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Negro League Team Apparently Used NOBs Way Back in 1942!

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Back in the summer, reader John Haynes sent me the 1942 newspaper clipping shown above, from The Eau Claire Leader-Telegram. As you can see, it’s an article about an upcoming Negro Major League game featuring the Cincinnati Ethiopian Clowns. What caught John’s eye was the pitcher at far left, Peanuts Nyasses, whose surname is clearly visible on the back of his jersey:

This was 18 years before the White Sox pioneered the modern use of NOBs!

It’s not clear whether other members of the Clowns also wore NOBs, or if any other teams did so. Indeed, most currently available Negro Leagues photos don’t show a rear view, although the occasional rear-view shots don’t show NOBs, at least in my experience.

The funny thing about this is that “Nyasses” wasn’t even Peanuts Nyasses’s real surname. His actual moniker was Eddie Davis, although he sometimes went by Peanuts Davis or Peanuts Nyasses. He was known as the “Clown Prince of Negro Baseball.” His SABR biography offers some good uni-related details:

He wore his baseball cap sideways, and when he was pitching, his windup sometimes featured “flapping of the arms and jerking of the legs.” In addition, he was a member of a team called the Clowns, some of whom painted their faces in circus clown makeup. And then there were the vaudeville-style comedy routines he and his teammates often performed before, or even during, the game.

Here’s a look at Davis/Nyasses’s cap-askew style (more than half a century before it hit the big leagues):


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As for the Clowns’ clown makeup, you can see some players wearing it in that newspaper clipping at the top of this article. Here’s a closer look:

All very interesting. But it’s the early NOB that still intrigues me the most. Anyone know more about that?

Finally: I owe a big apology to John Haynes, the reader who sent me the newspaper clipping. As I mentioned at the top of this article, he sent me the clipping last summer, but it got buried on my “to do” list and then I forgot about it for a bit. Better late than never, John — thanks for the contribution, and for your patience!



Merch Reminder

In case you missed it a few weeks ago, our strapback cap is back in production after a long absence. You can order it here.

While we’re at it, I still have embroidered 25th-anniversary patches available:

Those are available here, plus the UW25 logo is also available on T-shirts, hoodies, stickers, and pint glasses.

Also, we’re getting down to the last few Uni Watch seam rippers. Details here.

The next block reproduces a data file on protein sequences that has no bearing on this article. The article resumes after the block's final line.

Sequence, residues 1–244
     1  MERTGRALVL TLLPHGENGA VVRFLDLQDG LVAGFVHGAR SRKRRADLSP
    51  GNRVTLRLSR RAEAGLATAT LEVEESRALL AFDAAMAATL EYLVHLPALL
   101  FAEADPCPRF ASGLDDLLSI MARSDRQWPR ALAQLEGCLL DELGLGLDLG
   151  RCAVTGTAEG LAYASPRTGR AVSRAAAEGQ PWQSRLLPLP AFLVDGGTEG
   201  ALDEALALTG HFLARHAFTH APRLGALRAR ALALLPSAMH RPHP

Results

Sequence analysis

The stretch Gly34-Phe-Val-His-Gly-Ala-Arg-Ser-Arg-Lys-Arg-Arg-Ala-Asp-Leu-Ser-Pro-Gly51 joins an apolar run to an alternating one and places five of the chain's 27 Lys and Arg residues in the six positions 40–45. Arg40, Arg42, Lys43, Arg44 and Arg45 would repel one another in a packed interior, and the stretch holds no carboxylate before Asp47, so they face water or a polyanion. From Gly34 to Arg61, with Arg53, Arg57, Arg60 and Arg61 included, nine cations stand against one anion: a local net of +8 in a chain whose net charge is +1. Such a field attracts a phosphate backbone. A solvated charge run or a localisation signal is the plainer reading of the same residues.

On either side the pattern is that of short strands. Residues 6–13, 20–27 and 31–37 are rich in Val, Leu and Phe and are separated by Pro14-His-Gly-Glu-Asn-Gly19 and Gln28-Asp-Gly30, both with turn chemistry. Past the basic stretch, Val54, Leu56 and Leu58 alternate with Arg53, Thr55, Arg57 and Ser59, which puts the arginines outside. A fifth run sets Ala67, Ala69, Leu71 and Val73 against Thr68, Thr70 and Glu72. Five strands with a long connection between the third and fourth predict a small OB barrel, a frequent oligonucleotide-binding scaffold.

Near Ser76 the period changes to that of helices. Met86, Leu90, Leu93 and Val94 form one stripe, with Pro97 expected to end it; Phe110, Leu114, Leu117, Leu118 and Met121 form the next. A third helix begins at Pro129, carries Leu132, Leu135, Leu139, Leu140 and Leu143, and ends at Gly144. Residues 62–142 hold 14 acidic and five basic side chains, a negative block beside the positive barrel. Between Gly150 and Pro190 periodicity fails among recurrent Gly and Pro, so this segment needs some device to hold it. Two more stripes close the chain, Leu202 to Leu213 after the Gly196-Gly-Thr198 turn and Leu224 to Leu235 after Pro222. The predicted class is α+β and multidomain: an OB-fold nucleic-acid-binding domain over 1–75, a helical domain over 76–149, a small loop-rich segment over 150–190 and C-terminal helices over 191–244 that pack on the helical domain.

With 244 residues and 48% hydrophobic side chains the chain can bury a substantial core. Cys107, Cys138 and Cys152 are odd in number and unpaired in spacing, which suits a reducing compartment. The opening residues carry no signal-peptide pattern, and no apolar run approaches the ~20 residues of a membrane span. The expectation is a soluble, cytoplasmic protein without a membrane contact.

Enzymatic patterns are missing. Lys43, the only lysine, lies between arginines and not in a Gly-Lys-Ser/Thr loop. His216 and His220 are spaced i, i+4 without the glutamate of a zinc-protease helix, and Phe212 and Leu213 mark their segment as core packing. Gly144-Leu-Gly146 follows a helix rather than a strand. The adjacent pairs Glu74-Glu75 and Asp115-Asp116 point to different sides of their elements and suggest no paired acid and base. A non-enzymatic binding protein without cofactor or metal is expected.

My thanks, as always, for your consideration of our products.



Too Good for the Ticker

While researching something else, I came across this photo of a young Guy Lafleur. The youth uniform is nice, but what I really love is the patch on the official’s jacket pocket. Let’s take a closer look:

There’s something very funny, at least to me, about “Pee-Wee” being included with all those French words! And that annual tournament, incidentally, still exists today.



Mascot Watch

When they’re both in the cat cave, Uni Watch boy mascot Waffles is usually in the front, with girl mascot Biscuit sort of lurking in the back.



Can of the Day

A very nice design — simple and satisfying.

Comments (11)

    That is one heckuva find! So much missed and lost history from the Negro Leagues…

    The Pee-Wee hockey patch reminds me of one of George Carlin’s earliest albums where he talked about growing up in NYC, listening to Yankee games in Spanish and hearing the advertisements with the occasional English word dropped in like “Ven a nuestra tienda y mira hoy a Broadway.”

    Wow, very cool historical uni-find!
    I’m not particularly well versed in negro league history, that is pretty wild they also played as circus clowns and had particular aliases as clowns. Was it specific to this team or did multiple teams do this?
    Also love that his nickname was peanut. I love when players have nicknames that aren’t cool or intimidating in anyway, be it just a nickname from childhood that sticks or is something sarcastic they are given as adults. Certainly, more prevalent back then, but reminds me of Charles Peanut Tillman on the Bears.

    This is the kind of Uni Watch article that I love the best. Obscure, historical, lots of great analysis and contextual perspective. Thanks for a great story, Paul, and to John for bringing it to your (and our) attention.

    It would be nice to know who actually designed those uniforms with those billowing pant legs, contrasting panels and awesome caps… when will MLB get off their fatduffs and do a league-wide tribute to the men and leagues that they shunned for decades…
    Nike should just retire itself

    It would be so fun to see those photos colorized. I especially love the stripe pattern on the Clowns’ socks.

    Go ahead– I dare you to find a City Connect uniform that is as good as its corresponding Negro League uniform. If and when Indianapolis gets a major league team, those uniforms would be ideal; now to get them to go along with being called the Clowns.

    Great find and the Negro Leagues need an ackowledegement by MLB at least once every season. By wearing uniforms, just like Father;s Day, Mother;s Day 4th of July and all the other promotions. 162 games in a season, pick one or two, MLB! Sell merch with the proceeds to go to a noble cause.

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